Another thing, I think, is that pretty much all of the Arab world is locked in a kind of cargo-cult mentality. Cargo cults came up in the Melanesian islands of the South Pacific during WW2. The peoples of these places saw the Americans and British come in and build airstrips. Then, when the airstrips were built, planes started to arrive, loaded with cargo. The Melanesians deduced, not altogether unreasonably given their state of knowledge, that if they built airstrips, then planes would come to them, too, likewise bringing cargo. They accordingly hacked makeshift runways out of the jungle and built mock-up control towers out of grass and mud. Then they sat and waited for the cargo to arrive.

You get a cargo-cult flavor in a lot of Third World countries. America has skyscrapers. America is rich and strong. Let's build some skyscrapers — then we'll be rich and strong, too! The idea that the wealth and the strength are rooted in customs, arrangements, laws, liberties, traditions, patterns of thought and behavior and association, and that the skyscrapers are an incidental by-product, is not well understood.

The communist world was a lot like that, too — and still is, where it survives. Pyongyang is full of broad sweeping boulevards and grandiose buildings. There is no traffic to use the boulevards, and the people who occupy the buildings, when they bother to show up for work, are ragged and starving. When the boulevards were laid out and the buildings built, though, most people probably believed that prosperity and national strength — the cargo! — would inevitably follow.

Sub-Saharan Africa was a cargo-cult sort of place in the 1960s and 1970s, after the colonial powers left. Every new nation got itself an airline, a university system, a couple of super-highways, a prestige industrial project, a constitution. See, we are just like a European country! Just like America! Surely the cargo will come! Alas, it didn't come. The prestige project has been swallowed up in the bush, grass grows in cracks in the superhighways, the constitution was trashed by President-for-Life Klepto Thuggo, and a rebel army, under the command of General Machete Psycho, is camped in the university library, using the books for cooking fuel.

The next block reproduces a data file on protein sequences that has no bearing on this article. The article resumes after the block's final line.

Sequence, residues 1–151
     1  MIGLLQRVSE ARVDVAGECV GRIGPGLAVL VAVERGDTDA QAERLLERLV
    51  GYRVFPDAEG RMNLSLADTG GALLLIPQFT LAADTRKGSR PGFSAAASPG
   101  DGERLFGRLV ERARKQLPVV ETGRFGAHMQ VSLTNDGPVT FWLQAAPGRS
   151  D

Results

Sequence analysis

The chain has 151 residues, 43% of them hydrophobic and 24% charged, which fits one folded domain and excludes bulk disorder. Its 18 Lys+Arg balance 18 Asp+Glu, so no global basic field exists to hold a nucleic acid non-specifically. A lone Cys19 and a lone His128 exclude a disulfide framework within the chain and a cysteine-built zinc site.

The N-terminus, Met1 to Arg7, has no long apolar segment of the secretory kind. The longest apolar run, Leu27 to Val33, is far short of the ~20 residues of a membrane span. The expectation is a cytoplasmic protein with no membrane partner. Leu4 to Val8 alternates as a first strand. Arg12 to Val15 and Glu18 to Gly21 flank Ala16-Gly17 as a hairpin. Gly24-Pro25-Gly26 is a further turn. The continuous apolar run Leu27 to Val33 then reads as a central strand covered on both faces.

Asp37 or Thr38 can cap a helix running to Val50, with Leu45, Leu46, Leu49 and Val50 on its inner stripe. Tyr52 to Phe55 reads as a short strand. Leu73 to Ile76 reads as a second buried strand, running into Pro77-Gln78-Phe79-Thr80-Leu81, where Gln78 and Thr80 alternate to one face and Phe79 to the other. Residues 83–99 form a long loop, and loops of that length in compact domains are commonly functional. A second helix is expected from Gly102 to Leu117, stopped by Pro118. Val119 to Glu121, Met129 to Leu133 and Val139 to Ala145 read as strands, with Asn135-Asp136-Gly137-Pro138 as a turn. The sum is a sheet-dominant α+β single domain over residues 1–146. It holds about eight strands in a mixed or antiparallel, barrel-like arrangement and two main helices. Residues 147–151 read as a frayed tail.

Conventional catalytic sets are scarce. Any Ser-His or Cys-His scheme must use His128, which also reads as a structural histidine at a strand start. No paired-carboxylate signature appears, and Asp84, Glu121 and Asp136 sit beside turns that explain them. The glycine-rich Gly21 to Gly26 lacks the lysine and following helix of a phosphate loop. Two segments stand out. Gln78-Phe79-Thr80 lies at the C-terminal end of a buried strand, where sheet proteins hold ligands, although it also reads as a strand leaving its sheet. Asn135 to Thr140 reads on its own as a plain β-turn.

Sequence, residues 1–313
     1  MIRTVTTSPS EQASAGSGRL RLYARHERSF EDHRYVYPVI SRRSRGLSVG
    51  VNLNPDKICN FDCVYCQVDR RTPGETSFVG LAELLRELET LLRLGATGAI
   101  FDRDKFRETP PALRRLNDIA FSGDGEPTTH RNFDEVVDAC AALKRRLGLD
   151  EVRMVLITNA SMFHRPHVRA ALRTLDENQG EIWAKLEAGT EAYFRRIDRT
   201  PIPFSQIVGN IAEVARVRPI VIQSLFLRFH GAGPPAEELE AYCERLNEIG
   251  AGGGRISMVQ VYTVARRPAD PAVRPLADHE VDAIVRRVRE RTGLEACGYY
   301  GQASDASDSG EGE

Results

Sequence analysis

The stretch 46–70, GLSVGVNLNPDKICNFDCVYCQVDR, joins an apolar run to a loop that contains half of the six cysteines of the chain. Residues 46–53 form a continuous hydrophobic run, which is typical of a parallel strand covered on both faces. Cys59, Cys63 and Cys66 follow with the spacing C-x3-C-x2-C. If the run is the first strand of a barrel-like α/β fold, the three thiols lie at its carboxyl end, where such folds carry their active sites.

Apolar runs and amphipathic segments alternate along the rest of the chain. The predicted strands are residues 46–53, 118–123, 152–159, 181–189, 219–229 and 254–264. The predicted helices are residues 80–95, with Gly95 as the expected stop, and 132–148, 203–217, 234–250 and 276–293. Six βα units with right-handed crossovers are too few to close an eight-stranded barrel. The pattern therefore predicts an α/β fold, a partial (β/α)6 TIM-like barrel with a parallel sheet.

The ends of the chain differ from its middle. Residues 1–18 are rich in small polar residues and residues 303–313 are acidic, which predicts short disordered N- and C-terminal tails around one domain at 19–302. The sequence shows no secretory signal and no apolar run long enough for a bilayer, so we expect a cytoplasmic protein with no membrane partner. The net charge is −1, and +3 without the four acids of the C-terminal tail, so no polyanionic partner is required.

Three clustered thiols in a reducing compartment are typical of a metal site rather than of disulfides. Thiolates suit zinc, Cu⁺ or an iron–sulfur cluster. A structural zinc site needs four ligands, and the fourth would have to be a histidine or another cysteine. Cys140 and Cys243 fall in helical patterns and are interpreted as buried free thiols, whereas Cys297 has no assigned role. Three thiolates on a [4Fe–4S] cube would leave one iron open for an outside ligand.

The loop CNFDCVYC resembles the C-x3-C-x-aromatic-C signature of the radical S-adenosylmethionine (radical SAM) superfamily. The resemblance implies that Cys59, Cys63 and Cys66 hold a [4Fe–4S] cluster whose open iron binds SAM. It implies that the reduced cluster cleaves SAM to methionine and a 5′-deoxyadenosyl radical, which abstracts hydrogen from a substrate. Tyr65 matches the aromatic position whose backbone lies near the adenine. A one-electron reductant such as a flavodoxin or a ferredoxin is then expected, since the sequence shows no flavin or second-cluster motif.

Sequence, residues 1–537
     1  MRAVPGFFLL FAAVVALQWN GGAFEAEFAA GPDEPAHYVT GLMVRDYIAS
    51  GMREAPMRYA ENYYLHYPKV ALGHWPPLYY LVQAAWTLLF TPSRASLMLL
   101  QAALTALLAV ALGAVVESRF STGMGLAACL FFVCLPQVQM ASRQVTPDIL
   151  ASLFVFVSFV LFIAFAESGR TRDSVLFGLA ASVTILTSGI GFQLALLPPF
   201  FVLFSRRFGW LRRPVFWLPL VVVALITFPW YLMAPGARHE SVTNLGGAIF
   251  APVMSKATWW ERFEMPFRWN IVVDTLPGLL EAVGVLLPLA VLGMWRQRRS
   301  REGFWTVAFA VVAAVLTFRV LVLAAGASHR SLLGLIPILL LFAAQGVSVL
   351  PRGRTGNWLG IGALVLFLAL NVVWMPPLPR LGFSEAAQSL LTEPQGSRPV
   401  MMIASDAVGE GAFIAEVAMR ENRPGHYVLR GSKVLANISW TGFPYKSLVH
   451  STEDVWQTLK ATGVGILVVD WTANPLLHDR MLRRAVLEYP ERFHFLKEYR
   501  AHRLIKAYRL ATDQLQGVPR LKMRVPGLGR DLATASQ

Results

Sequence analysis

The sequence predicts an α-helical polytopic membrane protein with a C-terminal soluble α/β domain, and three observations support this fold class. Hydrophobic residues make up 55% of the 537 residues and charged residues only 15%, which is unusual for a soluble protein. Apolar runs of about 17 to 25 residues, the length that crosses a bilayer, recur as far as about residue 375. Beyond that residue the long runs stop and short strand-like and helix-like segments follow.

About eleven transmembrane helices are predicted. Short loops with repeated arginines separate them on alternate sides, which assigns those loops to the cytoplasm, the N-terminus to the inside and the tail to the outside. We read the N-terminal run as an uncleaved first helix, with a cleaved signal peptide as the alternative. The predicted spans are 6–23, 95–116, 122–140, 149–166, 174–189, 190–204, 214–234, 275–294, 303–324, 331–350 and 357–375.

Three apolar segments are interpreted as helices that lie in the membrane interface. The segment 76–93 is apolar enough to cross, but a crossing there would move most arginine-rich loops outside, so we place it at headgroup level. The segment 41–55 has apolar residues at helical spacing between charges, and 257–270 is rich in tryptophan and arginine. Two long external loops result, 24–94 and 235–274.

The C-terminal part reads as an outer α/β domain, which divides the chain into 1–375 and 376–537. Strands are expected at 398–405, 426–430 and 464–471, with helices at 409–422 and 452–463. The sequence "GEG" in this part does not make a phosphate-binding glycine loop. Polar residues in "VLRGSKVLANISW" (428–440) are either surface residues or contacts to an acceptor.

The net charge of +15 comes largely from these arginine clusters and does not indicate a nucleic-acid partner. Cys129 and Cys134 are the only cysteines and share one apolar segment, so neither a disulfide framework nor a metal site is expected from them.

Living in China in the early 1980s, I used to marvel at all the pointless fakery that went on. They had a "parliament" that never debated anything, "newspapers" with no news, "trials" where nothing was tried, the verdict having been decided in advance. Why do they bother? I wondered. I began to suspect that the answer was: Because America has these things. See how rich, how successful they are! Therefore we must have these things too. Then we shall be rich and successful, like America! (Bertrand Russell, reporting on his visit to Russia in 1920, said that the aim of Lenin and his Bolsheviks was: "To make Russia as industrialized and Yankee as possible.")

In my pessimistic moods, I think that constitutional government is a sort lucky fluke that random peoples stumble on from time to time, once in a millennium perhaps. The English figured it out somehow in the early-modern period, and carried it to their colonies, who improved on it. The Roman Republic had a pretty good shot at it for a while, till the very success of their system made their territories too large for the system to manage. Similarly with the ancient Greeks. A scattered few other places — Western Europe, Japan, India, Taiwan — look as if they have got the right idea. I wouldn't say their grasp on it is always very firm, but at least for few decades their parliaments will debate, their judges judge, their newspapers report news. Most of the world, though, including all of the Arab world, is sunk in political darkness, which is the natural state of mankind. The people of these places know that something is lacking, but they just can't figure out what the heck it is. We built the runways and the conning towers and the hangars — look! Why won't the cargo come?

It must be America's fault.